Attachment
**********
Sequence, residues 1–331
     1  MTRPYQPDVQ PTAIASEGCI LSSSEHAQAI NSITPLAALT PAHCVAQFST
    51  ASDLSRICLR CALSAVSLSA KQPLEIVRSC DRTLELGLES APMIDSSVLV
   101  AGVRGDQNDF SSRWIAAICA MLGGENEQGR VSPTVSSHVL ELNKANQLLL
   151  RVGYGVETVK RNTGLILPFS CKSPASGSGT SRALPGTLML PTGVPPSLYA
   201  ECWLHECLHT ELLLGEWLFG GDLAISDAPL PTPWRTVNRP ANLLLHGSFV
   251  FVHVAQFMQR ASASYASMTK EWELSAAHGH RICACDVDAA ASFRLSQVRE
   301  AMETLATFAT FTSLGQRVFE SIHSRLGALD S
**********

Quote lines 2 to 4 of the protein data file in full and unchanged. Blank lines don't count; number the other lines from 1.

     1  MTRPYQPDVQ PTAIASEGCI LSSSEHAQAI NSITPLAALT PAHCVAQFST
    51  ASDLSRICLR CALSAVSLSA KQPLEIVRSC DRTLELGLES APMIDSSVLV
   101  AGVRGDQNDF SSRWIAAICA MLGGENEQGR VSPTVSSHVL ELNKANQLLL